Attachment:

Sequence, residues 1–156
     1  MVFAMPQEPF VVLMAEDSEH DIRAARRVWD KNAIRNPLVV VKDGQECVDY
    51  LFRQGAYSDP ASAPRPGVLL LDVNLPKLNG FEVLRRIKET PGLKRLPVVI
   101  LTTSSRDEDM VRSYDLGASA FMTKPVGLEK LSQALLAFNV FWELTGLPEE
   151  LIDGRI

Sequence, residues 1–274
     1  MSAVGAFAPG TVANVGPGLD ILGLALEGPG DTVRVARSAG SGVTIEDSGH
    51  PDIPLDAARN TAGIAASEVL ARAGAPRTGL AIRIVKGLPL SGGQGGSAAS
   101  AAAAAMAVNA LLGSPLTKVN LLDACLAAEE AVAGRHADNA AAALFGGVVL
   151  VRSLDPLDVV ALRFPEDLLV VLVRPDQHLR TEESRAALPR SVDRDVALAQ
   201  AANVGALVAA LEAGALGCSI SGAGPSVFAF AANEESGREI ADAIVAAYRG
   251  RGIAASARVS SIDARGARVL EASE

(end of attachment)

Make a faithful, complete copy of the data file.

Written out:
Sequence, residues 1–156
     1  MVFAMPQEPF VVLMAEDSEH DIRAARRVWD KNAIRNPLVV VKDGQECVDY
    51  LFRQGAYSDP ASAPRPGVLL LDVNLPKLNG FEVLRRIKET PGLKRLPVVI
   101  LTTSSRDEDM VRSYDLGASA FMTKPVGLEK LSQALLAFNV FWELTGLPEE
   151  LIDGRI

Sequence, residues 1–274
     1  MSAVGAFAPG TVANVGPGLD ILGLALEGPG DTVRVARSAG SGVTIEDSGH
    51  PDIPLDAARN TAGIAASEVL ARAGAPRTGL AIRIVKGLPL SGGQGGSAAS
   101  AAAAAMAVNA LLGSPLTKVN LLDACLAAEE AVAGRHADNA AAALFGGVVL
   151  VRSLDPLDVV ALRFPEDLLV VLVRPDQHLR TEESRAALPR SVDRDVALAQ
   201  AANVGALVAA LEAGALGCSI SGAGPSVFAF AANEESGREI ADAIVAAYRG
   251  RGIAASARVS SIDARGARVL EASE